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Thompson on Hollywood

Blue Valentine's NC-17 Rating Overturned by MPAA

Blue Valentine's NC-17 Rating Overturned by MPAA
Sometimes the right thing happens. Harvey Weinstein milked the controversy surrounding the NC-17 rating for Blue Valentine to bring attention to the movie. Director Derek Cianfrance had refused to trim an intimate sex scene with implied oral sex between Michelle Williams and Ryan Gosling from the realistic relationship drama. Finally Wednesday, after Weinstein led 40 minutes of appeals arguments and screened the film at the MPAA's Sherman Oaks offices, the MPAA appeals board overturned the rating.
  • By Anne Thompson
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  • December 8, 2010 9:16 AM
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  • 2 Comments

Economist Film Project Selects Docs for PBS

The Economist Magazine is launching a collaboration with PBS News Hour called The Economist Film Project. The year-long initiative, which starts in January, seeks to showcase thoughtful and provocative documentary films from around the world. The Economist will select short and feature length films from established and emerging filmmakers on subjects that are in line with the mag's interest in economics, the environment, social and human rights, government and politics, religion, media and culture. Selected film segments will air on PBS NewsHour and online for the following year, and will be put in context with related Economist articles. The magazine's deputy editor, Gideon Lichfield, says the project:
  • By Sophia Savage
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  • December 6, 2010 7:46 AM
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  • 1 Comment

Trailer Watch: Columbia Pulls Restless from Sundance

Columbia pulled Restless, directed by Gus Van Sant and written by Jason Lew, from the Sundance Premiere line-up at the last moment. Why? The film was finished long ago, although the fest says the director wants to keep working on it. He seems to be harboring hopes for Cannes, which has debuted his films in the past. But Sundance would seem to be the perfect launch pad for a teen drama that has all the earmarks of a Sony Pictures Classics release (at one time it was slotted to go there for March release, but Columbia took it back). SPC could yet retrieve the title, which "looks and plays totally like an independent," according to one source.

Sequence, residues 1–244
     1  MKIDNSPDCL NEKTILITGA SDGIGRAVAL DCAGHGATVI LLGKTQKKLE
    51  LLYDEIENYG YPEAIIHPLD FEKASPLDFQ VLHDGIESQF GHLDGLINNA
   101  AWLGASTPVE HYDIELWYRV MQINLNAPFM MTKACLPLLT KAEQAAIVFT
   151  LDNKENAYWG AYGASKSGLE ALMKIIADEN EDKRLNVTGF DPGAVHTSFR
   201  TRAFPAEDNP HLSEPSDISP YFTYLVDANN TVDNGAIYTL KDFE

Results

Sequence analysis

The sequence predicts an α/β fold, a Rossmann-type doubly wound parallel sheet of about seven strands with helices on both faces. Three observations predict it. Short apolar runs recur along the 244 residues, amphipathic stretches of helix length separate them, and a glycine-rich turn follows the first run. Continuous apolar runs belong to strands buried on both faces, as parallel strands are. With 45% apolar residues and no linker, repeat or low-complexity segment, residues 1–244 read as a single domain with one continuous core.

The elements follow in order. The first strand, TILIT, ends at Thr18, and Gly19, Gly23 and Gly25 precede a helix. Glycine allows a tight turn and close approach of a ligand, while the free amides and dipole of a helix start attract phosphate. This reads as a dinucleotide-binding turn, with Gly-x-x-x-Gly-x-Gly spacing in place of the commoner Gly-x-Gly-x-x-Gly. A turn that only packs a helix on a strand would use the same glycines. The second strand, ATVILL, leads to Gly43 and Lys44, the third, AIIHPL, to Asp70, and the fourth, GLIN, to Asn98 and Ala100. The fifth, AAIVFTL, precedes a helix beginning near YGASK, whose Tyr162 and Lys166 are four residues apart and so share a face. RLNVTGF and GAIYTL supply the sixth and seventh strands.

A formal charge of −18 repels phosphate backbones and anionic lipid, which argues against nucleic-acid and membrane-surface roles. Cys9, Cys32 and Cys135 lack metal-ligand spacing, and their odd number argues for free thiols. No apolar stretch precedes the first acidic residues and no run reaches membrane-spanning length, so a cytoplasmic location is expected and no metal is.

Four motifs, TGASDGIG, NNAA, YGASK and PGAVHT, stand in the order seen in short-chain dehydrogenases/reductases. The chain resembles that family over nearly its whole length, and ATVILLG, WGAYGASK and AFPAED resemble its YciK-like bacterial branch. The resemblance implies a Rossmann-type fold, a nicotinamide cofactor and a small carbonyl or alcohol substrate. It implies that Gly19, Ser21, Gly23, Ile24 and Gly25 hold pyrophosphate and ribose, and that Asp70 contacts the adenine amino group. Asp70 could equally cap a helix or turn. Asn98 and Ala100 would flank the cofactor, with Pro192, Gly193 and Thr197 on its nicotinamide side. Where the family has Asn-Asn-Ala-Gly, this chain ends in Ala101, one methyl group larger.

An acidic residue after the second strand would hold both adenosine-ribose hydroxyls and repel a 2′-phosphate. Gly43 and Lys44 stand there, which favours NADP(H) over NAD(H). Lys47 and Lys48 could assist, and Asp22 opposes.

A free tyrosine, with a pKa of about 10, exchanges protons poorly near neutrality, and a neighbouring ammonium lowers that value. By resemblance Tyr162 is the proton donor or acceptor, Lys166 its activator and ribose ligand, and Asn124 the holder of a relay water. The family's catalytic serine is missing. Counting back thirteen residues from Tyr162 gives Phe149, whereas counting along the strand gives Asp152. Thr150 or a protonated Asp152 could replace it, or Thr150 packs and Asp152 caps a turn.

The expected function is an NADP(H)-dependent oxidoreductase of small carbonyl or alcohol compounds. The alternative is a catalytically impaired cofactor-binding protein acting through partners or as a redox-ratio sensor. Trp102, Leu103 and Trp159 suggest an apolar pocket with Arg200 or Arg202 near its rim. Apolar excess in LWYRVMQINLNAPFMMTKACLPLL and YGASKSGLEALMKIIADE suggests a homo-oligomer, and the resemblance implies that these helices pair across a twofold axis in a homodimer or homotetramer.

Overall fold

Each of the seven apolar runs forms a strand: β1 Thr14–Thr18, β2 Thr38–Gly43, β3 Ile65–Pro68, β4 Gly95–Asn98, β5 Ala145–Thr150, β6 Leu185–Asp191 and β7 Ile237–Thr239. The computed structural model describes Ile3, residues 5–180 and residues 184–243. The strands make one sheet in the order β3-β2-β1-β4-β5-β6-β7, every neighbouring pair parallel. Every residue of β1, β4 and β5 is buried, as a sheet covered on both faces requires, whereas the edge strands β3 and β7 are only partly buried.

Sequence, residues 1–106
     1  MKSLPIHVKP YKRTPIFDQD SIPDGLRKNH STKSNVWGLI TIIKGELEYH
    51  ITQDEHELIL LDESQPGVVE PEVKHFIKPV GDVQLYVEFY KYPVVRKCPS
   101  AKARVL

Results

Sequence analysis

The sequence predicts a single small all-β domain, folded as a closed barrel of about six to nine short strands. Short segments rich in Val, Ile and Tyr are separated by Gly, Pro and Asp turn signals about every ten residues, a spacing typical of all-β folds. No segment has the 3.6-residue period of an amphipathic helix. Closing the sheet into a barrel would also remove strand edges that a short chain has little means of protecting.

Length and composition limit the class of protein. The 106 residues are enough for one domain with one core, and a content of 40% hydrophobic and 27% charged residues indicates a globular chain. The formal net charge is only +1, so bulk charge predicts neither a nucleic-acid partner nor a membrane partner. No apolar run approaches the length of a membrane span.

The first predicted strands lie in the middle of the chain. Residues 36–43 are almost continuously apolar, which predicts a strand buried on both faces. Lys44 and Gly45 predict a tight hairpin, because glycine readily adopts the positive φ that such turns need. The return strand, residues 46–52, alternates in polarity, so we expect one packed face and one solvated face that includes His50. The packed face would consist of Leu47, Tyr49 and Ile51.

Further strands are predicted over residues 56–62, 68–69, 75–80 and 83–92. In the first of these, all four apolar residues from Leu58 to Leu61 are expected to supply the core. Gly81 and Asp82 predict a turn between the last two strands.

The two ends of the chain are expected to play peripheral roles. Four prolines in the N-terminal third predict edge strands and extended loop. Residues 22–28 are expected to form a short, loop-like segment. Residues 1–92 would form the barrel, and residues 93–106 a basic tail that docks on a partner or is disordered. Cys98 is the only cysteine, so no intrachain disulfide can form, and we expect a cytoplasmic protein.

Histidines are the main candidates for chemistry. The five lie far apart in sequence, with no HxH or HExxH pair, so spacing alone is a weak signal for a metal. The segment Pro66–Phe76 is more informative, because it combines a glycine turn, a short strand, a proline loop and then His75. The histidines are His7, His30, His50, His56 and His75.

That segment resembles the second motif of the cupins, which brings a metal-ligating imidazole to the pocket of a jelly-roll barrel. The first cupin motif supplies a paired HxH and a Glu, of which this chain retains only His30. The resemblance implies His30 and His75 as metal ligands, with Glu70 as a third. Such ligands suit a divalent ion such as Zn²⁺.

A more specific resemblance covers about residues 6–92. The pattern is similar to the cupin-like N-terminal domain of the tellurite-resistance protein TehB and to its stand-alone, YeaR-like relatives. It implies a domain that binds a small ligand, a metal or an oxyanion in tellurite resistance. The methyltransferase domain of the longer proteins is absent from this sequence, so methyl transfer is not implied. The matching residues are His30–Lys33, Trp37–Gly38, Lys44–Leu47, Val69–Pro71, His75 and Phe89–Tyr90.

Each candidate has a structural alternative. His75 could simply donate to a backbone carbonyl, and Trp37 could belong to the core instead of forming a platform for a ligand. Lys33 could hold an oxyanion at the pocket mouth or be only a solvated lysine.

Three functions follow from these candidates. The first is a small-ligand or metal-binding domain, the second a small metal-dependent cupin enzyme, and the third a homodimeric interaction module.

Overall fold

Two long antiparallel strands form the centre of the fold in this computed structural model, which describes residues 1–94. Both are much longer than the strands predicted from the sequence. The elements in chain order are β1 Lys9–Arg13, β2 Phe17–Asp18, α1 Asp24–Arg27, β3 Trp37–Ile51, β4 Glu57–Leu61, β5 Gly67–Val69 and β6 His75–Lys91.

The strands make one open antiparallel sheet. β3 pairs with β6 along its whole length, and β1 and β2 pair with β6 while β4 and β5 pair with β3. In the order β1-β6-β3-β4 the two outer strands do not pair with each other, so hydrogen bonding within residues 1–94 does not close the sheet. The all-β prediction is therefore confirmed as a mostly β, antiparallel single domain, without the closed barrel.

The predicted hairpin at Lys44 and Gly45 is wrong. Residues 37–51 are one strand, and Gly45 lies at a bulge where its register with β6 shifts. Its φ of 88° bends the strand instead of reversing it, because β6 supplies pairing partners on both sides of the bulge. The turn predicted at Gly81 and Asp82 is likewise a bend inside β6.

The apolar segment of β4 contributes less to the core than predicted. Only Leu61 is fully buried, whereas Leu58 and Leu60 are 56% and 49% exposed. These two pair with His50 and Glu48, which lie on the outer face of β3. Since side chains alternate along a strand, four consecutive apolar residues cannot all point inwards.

• By Anne Thompson
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  • December 2, 2010 9:07 AM
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  • 4 Comments

New MGM Chairmen Birnbaum and Barber Will Turn On Green Light by Mid-December. Whither Bond?

Now that the U.S. Bankruptcy Court for the Southern District of New York has approved MGM's reorganization plan, by mid-December, if all goes smoothly, the lean and mean MGM will have emerged from Chapter 11 bankruptcy, MGM's secured lenders will exchange some $5 billion (which includes accrued interest and fees) for most of the equity in MGM, JPMorgan Chase will have raised $500 million for operations funding, and Spyglass partners Gary Barber and Roger Birnbaum will take over the studio as co-chairman and chief executive officers of MGM Inc. That means they can start greenlighting movies and TV shows.
  • By Anne Thompson
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  • December 2, 2010 6:04 AM
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  • 0 Comments